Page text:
Speaking Up in Meetings – Instructions & Examples

workoutWorkout Objective:  Speak up when you are not required to,  while feeling uncomfortable – improve your confidence and work reputation.
Prerequisite: Read Speaking Up in Meetings – Why and How to Do it first.
Recommended Frequency: Once a week or per group meeting.
Workout steps:

  • Circle which type of speaking up you will practice.
  • Put a reminder on your work calendar to read this workout before your next group meeting.
  • Speak up, and add a comment on this workout about your experience.



Asking a question is an easy way to speak up.   With any question you ask, it’s important to say a pre-cursor to join the conversation.  Here are three types of questions you can ask, plus examples of how to ask each:

  1. Clarification questions: Listen to the discussion and ask a question to clarify something specific about what was just said.  This clarifies your understanding, and may even help others who may have the same questions.
    Examples:  “That was an interesting point.  Do you mind clarifying what xxx refers to?…I just want to make sure I understand. When you say xxx, do you mean xyz?”
  2. Next Step Questions: This is to make sure you understand all the next steps agreed upon in the meeting.  Many people appreciate someone asking this question.  It helps everyone to leave the meeting on the same page.
    Examples:  “This was a great discussion. What do you recommend for our next steps?…I really appreciate you taking the time to discuss xyz.  What do you need me to do next?…I understand that the key thing you need from me is xyz.  Do I understand that correctly?  When do you need it by?”
  3. Probing questions: If someone just said something that you may disagree with, instead of disagreeing — which appears confrontational — ask a probing question highlighting your concerns.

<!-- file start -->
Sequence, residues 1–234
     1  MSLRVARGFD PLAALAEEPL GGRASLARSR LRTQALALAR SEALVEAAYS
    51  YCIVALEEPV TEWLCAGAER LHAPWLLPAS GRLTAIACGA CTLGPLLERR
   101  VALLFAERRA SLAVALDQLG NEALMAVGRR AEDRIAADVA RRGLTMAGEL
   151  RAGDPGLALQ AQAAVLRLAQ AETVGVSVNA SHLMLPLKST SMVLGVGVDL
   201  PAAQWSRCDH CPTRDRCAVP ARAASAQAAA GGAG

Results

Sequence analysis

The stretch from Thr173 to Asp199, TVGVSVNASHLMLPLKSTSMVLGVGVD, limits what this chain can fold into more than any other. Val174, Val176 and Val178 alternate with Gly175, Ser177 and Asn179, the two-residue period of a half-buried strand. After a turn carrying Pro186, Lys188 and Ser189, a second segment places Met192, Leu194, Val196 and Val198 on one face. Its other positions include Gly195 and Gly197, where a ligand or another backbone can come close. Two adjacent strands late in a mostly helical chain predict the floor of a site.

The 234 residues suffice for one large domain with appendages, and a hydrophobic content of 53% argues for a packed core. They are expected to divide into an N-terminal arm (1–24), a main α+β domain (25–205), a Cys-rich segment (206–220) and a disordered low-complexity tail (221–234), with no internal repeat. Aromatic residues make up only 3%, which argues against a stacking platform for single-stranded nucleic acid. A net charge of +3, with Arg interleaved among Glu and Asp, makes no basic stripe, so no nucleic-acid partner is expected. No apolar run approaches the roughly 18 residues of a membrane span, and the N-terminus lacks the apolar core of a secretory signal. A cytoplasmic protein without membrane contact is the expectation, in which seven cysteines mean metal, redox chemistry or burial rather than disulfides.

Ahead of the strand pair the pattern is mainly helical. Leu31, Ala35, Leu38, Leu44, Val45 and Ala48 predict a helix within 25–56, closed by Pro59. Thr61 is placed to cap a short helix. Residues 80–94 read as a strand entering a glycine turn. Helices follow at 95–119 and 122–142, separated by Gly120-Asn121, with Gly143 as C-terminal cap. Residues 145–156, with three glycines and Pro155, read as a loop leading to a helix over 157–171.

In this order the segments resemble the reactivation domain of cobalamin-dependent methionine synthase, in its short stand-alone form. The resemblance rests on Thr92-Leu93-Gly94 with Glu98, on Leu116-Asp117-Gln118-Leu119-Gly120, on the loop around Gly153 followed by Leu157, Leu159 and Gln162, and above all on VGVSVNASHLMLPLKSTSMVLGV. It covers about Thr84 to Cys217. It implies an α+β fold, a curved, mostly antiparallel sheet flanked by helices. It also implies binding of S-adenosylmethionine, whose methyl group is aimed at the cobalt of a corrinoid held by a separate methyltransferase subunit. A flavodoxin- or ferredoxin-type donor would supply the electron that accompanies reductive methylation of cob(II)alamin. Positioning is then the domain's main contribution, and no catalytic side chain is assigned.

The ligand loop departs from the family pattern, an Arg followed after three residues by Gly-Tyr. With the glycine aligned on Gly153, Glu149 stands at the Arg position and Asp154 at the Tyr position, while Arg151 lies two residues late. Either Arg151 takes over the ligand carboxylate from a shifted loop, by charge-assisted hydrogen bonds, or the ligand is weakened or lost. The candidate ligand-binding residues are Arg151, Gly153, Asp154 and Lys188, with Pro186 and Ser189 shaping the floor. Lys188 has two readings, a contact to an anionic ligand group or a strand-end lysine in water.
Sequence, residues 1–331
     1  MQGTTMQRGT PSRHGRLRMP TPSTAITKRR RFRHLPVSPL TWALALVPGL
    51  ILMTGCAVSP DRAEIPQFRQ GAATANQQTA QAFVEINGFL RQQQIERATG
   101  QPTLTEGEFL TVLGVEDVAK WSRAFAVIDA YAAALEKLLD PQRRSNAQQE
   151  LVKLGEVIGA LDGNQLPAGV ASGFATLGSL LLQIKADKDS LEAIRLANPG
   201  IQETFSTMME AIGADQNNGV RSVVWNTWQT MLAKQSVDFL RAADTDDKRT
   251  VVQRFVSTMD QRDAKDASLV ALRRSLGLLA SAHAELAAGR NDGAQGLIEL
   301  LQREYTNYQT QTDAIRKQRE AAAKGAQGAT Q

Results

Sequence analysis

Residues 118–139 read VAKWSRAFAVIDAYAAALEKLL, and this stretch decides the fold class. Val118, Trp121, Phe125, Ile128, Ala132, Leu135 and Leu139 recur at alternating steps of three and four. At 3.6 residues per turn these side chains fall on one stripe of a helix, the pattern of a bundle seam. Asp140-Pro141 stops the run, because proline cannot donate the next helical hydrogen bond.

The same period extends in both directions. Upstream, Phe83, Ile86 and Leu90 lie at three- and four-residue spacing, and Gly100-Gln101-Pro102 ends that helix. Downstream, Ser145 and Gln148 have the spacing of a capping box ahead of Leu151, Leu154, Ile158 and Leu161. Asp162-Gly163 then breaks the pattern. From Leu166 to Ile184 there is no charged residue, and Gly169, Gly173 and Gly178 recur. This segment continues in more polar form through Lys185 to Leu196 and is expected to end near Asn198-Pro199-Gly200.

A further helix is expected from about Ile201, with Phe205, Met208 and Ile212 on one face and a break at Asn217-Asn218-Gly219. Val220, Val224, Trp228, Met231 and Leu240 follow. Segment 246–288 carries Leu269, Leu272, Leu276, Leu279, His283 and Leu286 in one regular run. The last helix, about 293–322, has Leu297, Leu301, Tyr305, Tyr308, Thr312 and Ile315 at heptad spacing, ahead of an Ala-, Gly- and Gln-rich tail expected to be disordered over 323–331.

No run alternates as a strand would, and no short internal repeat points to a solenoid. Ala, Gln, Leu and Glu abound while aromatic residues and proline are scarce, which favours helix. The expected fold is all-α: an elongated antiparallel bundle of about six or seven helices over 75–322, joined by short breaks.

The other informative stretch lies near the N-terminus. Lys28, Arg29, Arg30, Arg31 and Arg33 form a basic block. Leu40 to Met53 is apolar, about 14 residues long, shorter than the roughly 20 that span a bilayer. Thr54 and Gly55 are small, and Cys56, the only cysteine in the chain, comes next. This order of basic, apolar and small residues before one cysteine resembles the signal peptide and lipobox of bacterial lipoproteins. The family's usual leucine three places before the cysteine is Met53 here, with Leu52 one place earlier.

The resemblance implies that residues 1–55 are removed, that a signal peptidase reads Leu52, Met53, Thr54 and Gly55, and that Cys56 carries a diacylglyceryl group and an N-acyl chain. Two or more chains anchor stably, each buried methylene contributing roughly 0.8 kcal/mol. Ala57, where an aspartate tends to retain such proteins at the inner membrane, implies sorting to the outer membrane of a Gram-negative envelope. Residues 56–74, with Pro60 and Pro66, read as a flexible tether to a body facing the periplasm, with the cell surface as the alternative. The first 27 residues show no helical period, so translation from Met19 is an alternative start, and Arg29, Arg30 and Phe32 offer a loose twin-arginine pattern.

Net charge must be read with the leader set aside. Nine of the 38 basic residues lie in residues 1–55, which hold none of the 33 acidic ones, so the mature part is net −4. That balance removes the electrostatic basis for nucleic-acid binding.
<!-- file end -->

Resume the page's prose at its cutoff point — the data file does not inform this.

Examples:  “I can see where you are headed with this idea.  Do you think we need to be concerned about xxx (e.g., risk, privacy, timing).”


The next best way to speak up easily is to answer a question that is posed to the whole group.  For example, someone can say during the discussion – “Does anyone know if Project X is delivered yet?  Our effort kind of depends on its completion.”

As long as you know something about this Project X, you can answer this question.  For example:

  • Communicate what you know: “I heard it’s targeted for May completion…I heard it was complete”
  • Offer to find out and get back to the group: “I know the project manager on that project.  I will reach out to him to confirm, and then I’ll email everyone with the status of the project.”

While finding out about this project status is not in your job description, this kind of speaking up shows initiative and helps everyone.


This type of speaking up requires some preparation.  Here is how to speak up by sharing a finding:

  • Prior to the group meeting, review the meeting objectives and think about what part of your work may be related.  Review your work and prepare some speaking points that may become relevant
  • In the group meeting, listen to the discussion and find an opportunity to share a finding from your work that helps the discussion
  • Examples: Given an intro like: “Since we are talking about xxx, I want to share something I have been working on that may help. …” Or launch directly into your finding: “I have been working on xxx, so far I have learned …. ” Then say why you think your work is connected to what has been discussed.

These are just 3 ways you can practice speaking up today!   As repetition is the mother of all skill, repeat this workout every week and at every group setting, and you will develop this skill over time.  I still feel nervous when I speak up at a new group setting.  That feeling doesn’t go away.  Now, however, I have the tools to know what to do, in spite of feeling nervous.  You can too!  Good luck.

I look forward to hearing about your experience with this workout in the comments below.

Want to suggest another way to speak up?  Great.  Add your comments below. Thanks.

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